Received 11 May 2016; accepted 24 July 2016; published 27 July 2016
The skull is composed of twenty-two bones divided into eight cranial bones (neurocranium) and fourteen facial bones (viscerocranium)  . Some authors may include the three paired middle ear ossicles for a total of twenty- eight. Ossification of the neurocranium begins at approximately two to three months of gestation  . The occipital bone forms much of the back and the base of the cranium  . It is composed of a squamous part, a basilar and two lateral parts. The squamosal part articulates with the occipital portions of the parietal bones forming the lambdoid suture  . The squamous part of the occipital bone develops intramembranously from two centers, one from each side  . It may remain separate from the rest of the occipital bone and be known as an “interparietal bone” or in some cases, a Wormian bone of the lambda  . The “lambda” is an ectocranialosteometric point and the lambdoidal and the suture between the two parietal bones called the sagittal suture intersect are at the point. The consequence of irregularities of the ossification centers is the formation of the Inca bones and/or Wormian bones within the sutures of the cranial bones  . These interparietal bones have been named “Inca” due to their prevalence in the skulls of mummies of the Inca tribe in Peru. Their high abundance in the Peru population is also strongly suggestive of a genetic inheritance  . The Inca bones or interparietal bones (ossicles of Goethe) are considered as a normal variant of human skull ossification and may or may not have association with a pathology.
2. Case Presentation
A dry human skull primarily used for study in the anatomy program at Bowling Green State University Firelands in Huron, Ohio was found to have a tripartite Inca bone or interparietal bones. Based upon the size and shape of the piriform aperture as well as the various other anthropometric markings (including piriform aperture morphology), the skull was suspected to be from a black male of unknown age. A tripartite Inca bone or Interparietal bones (ossicles of Goethe) were located about the lambda as seen in Figure 1 and a typical skull without an Inca bone or other supernumerary bones for comparison is shown in Figure 2.
Figure 1. Posterior view of skull. Letters A, B and C indicate a com- plete tripartite Inca bone. White arrow indicates the sagittal suture.
Figure 2. Posterior view of a “typical” skull. White arrow indicates the sagittal suture. Black arrows indicate the lambdoid suture.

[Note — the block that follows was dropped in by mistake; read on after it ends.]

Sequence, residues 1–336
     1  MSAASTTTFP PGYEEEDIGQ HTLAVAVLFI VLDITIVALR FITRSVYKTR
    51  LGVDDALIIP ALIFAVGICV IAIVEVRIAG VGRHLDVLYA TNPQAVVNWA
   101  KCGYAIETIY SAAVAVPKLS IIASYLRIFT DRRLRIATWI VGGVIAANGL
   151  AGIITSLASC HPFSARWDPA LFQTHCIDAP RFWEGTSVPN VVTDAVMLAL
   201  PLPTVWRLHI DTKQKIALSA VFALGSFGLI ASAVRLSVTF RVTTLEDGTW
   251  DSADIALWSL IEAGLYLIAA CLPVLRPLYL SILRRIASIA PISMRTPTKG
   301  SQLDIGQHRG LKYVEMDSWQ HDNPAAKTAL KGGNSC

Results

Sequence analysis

Inca bones or interparietal bones are so named due to their relative abundance in the Peruvian population. They are exceedingly rare among dry human skulls. The interparietal bones are said to exist in a single bone, two symmetrical halves, or in three pieces, a tripartite type  . This study presents a tripartite Inca bone. These bones are thought to exist in approximately 0.08% of the population and the incidence varies among different populations  . Some authors   report the incidence of the interparietal bones vary among different populations. They found Inca bones to be present in 15% in Nigerians, 1.2% in Europeans, 0.8% in Australians, 4.8% in Northern Americans and 2.4% in Indians. Researchers, Hanihara and Ishida studied the presence of the Inca bones in various populations around the world. They found that any geographical occurrence was unclear but discovered some regional variations. They found the highest percentage of 10% was noted in the West African population with the Japanese being next highest at 4.4%. Some authors reported the presence of Inca bones to be associated with other cranial and nervous system abnormalities  -  . It is clear that the presence of interparietal bones or Inca bones is multifactorial. Factors may be genetic, geographical or most likely a combination of both. Inca bones, if nothing else, certainly create another method to forensically identify an unknown if prior knowledge of its presence is known.
Inca bones have very clear anthropometrical value as well as some forensic utility. Clinically, the presence of Inca bones or interparietal bones is significant when discovered radiographically. It must be included in the differential diagnosis of a suspected skull fracture, particularly of the occipital bone. While it is not a pathological entity, it most certainly should be noted as an incidental finding on a radiographic report. The notation of its presence in the report can help with the differential diagnosis. In addition, neurosurgeons should be aware of the many suture or accessory bone formations before any type of cranial surgery.
Conflict of Interest
The author declares no conflict of interest.